Shah Abdul Majid Qureshi

Shah Abdul Majid Qureshi (Bengali: শাহ আবদুল মজিদ কোরেশী, also known as Moina Meah (Bengali: ময়না মিঞা, was an early British Bangladeshi restaurateur and social reformer.[1] He is notable for being involved in the early politics of British Asians and pioneering social welfare work for the working-class diaspora in the United Kingdom.[2] He was the first ever Sylheti to open up a restaurant in the United Kingdom, and his restaurants were one of the earliest Indian restaurants at the time.[3] Another one of his restaurants, India Centre, often provided facilities and was a location where important meetings were held by the India League attracting the likes of Subhas Chandra Bose and V. K. Krishna Menon.

Haji Shah

Abdul Majid Qureshi
শাহ আবদুল মজিদ কোরেশী
Born(1915-09-25)25 September 1915
Died2003 (aged 87–88)
NationalityBritish Bangladeshi
Other namesMoina Meah
CitizenshipUnited Kingdom, Bangladesh
OccupationBusinessman, social worker
OrganizationIndian Seamen's Welfare League
Known forOne of the early founders of the British Bangladeshi community
Home townEast London
  • Abu Abdul Majid (father)
  • Umm Abdul Majid (mother)
FamilyQureshis of Patli

Early lifeEdit

Qureshi came from a traditional Bengali Muslim family claiming descent from the Arab tribe of Quraysh.[4] He was born in the Patli village of Jagannathpur in the Sylhet District of the British Raj's Assam Province on the 25th of September 1915. He was the eldest child and had two brothers and a sister. The family residence in Patli was known as Quresh Bari and his father owned some land. However, his father's main goal was to educate his children which was extremely expensive leading to him sell nearly all his land. This led to Qureshi being well educated during his youth. Qureshi decided to become a lascar after being inspired by many other Sylheti men and moved to Calcutta in 1934. He believed that seafaring was a historical inheritance of Sylhetis due to many Sylhetis being descendants of foreign traders and businessmen.[4] During his stay in the port city, he attempted to jump on ships going to the United States. In 1936, at his early 20s, Qureshi successfully attempted to jump on a ship on its way to New York City.[5] However, he failed but ended up at the Tilbury Docks in Essex.[6]


Qureshi's first job in the United Kingdom consisted of selling chocolates. After getting into contact with other British Asians, he began working in South Asian cuisine restaurants such as Bengal Restaurant in Percy Street. After two years of living in the United Kingdom, Qureshi opened his first restaurant, Dilkush, which was located in Soho's Windmill Street.[7] This was the first restaurant to be opened by a Sylheti person.[3] The restaurant, located near Tottenham Court Road, was destroyed by a bomb in 1940.[8]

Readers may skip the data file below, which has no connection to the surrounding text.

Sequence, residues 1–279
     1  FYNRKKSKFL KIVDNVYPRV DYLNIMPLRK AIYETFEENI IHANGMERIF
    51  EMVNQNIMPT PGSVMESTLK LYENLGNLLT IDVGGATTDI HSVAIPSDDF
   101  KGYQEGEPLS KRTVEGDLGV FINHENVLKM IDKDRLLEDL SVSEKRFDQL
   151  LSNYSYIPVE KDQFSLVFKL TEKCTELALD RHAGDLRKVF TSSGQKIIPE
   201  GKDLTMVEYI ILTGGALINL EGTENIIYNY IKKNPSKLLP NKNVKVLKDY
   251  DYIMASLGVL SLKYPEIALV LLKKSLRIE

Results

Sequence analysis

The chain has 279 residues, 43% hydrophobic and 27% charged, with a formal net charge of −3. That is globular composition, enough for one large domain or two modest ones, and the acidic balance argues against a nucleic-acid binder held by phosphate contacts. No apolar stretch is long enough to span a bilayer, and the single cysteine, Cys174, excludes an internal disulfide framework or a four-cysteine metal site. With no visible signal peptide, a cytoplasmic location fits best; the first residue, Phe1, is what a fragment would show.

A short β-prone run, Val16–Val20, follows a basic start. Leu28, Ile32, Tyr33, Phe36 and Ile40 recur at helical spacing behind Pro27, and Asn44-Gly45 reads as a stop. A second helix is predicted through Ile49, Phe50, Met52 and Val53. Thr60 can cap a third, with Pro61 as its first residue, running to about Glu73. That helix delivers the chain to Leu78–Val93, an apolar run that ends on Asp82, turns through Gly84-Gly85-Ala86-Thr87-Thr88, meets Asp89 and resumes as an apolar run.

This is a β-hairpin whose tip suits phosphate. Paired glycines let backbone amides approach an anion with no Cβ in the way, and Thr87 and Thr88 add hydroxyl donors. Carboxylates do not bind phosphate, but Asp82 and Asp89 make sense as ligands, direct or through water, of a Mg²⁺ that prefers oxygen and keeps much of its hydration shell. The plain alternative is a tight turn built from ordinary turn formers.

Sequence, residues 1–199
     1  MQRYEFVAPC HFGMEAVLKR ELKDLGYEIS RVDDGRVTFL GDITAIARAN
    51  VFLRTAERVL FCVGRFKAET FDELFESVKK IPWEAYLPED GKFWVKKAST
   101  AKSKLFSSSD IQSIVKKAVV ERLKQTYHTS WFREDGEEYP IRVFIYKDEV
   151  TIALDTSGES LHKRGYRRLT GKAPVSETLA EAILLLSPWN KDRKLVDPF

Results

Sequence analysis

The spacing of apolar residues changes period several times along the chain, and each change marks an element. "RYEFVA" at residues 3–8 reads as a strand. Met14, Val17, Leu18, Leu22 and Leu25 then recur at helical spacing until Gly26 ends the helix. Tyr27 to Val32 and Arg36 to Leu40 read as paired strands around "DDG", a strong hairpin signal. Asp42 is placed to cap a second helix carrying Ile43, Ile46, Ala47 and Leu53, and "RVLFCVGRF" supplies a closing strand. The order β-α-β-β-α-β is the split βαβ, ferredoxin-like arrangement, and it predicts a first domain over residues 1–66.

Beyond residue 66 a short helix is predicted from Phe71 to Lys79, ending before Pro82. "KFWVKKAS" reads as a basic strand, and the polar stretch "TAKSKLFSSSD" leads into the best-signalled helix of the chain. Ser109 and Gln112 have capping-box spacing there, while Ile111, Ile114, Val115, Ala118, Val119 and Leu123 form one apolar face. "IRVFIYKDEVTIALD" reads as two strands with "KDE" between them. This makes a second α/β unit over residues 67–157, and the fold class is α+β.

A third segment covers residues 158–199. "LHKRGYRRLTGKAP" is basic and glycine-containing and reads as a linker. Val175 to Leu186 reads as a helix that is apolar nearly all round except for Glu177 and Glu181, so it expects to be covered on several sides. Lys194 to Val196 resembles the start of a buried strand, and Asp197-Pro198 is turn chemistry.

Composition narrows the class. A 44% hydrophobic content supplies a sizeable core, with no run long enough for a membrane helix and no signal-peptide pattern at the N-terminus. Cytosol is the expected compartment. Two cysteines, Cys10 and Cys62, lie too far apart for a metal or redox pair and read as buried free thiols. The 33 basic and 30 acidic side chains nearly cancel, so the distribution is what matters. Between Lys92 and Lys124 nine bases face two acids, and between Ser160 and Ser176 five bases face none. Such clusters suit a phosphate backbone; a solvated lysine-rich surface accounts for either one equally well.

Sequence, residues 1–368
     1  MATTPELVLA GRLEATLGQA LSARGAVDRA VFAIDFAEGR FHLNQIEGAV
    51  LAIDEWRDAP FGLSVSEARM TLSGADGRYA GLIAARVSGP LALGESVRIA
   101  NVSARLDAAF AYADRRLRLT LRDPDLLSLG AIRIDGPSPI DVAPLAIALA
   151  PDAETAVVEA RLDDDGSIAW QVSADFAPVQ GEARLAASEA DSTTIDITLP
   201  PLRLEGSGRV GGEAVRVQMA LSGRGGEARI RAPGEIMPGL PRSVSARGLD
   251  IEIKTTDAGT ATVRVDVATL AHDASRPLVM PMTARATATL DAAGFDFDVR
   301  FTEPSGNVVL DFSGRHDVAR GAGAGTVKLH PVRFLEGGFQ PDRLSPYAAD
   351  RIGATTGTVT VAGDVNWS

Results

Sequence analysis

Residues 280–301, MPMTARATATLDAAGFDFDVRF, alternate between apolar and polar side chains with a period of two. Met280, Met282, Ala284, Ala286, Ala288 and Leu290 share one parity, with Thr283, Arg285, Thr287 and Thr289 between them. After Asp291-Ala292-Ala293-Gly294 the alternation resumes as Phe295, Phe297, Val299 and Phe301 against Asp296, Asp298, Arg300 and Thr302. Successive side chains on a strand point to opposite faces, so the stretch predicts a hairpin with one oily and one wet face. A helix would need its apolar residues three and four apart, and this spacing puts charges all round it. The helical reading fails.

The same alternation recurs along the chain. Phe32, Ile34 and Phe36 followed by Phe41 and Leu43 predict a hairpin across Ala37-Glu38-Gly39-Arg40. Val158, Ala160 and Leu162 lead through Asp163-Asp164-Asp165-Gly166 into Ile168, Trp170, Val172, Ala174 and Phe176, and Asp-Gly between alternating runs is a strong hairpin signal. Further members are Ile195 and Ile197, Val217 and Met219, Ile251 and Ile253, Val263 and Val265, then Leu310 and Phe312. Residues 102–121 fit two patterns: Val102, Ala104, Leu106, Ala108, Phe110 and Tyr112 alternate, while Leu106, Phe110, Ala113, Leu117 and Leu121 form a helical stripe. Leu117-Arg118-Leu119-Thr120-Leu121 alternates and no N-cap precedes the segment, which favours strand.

On 9 May 1943, Qureshi founded the Indian Seamen's Union with a purpose of promoting social welfare of working-class British Asians alongside his acquaintance Ayub Ali Master.[9][10] Based in Christian Street, the organisation ensured the rights of Asians and made it easier for them to communicate to their family abroad.[11] On 14 July 1943, the first meeting took place, in King's Hall, Commercial Street, London.[12] The meeting attracted mostly Bengali Muslims but dozens of Europeans were also present. Later, the organisation was renamed to the Indian Seamen's Welfare League to sound less political and Qureshi was made president of the welfare league.[13]

The following year, Qureshi opened another restaurant off Charlotte Street which came to be known as the India Centre. The India Centre was frequently visited by British Asians, in particular politicians, who held important communal and political meetings there. Qureshi also assisted and attended V. K. Krishna Menon's India League and Surat Alley's Hindustani Social Club meetings.[2] He was also involved with the Indian National Congress and was in contact with the likes of Subhas Chandra Bose.[8] Later on, he became a member of the London Muslim League.

In 1946, Qureshi returned to Sylhet, where he got married and lived there for over two decades before returning to the United Kingdom with his family in the 1970s.[14]


His sons continue to own South Asian cuisine restaurants in the United Kingdom.[15]

See alsoEdit


  1. ^ "Shah Abdul Majid Qureshi - Making Britain". Open University.
  2. ^ a b Ahmed, Faruque (2008). Bengali Journals and Journalism in Britain (1916-2007). p. 33.
  3. ^ a b Adams, Caroline (1987). Across Seven Seas and Thirteen Rivers. London.
  4. ^ a b Fidler, Ceri-Anne (2011). Lascars, c.1850 - 1950: The Lives and Identities of Indian Seafarers in Imperial Britain and India (Thesis). Cardiff University.
  5. ^ Ansar Ahmed Ullah (2010). Bengalis in London's East End (PDF).
  6. ^ Bald, Vivek (2013). Bengali Harlem and the Lost Histories of South Asian America.
  7. ^ India Office Records, Asian and African Studies Reading Room, British Library, St Pancras
  8. ^ a b Glynn, Sarah (2015). Class, Ethnicity and Religion in the Bengali East End: A Political History.
  9. ^ Glynn, Sarah (2015). Class, Ethnicity and Religion in the Bengali East End: A Political History.
  10. ^ Ahmed, Faruque. Bengal Politics in Britain. p. 35.
  11. ^ Visram, Rozina (2002). Asians in Britain: 400 Years of History. London.
  12. ^ Ahmed, Faruque (2018). বিলাতে বাংলা সংবাদপত্র ও সাংবাদিকতা (১৯১৬ -২০১৬) (in Bengali).
  13. ^ Sumita Mukherjee; Rehana Ahmed (eds.). South Asian Resistances in Britain, 1858 - 1947. p. 79.
  14. ^ Reuven Kahane; Shalvah Vail (1999). Roots and Routes: Ethnicity and Migration in Global Perspective.
  15. ^ Oral History. 18-20. University of Essex, Sociology Department.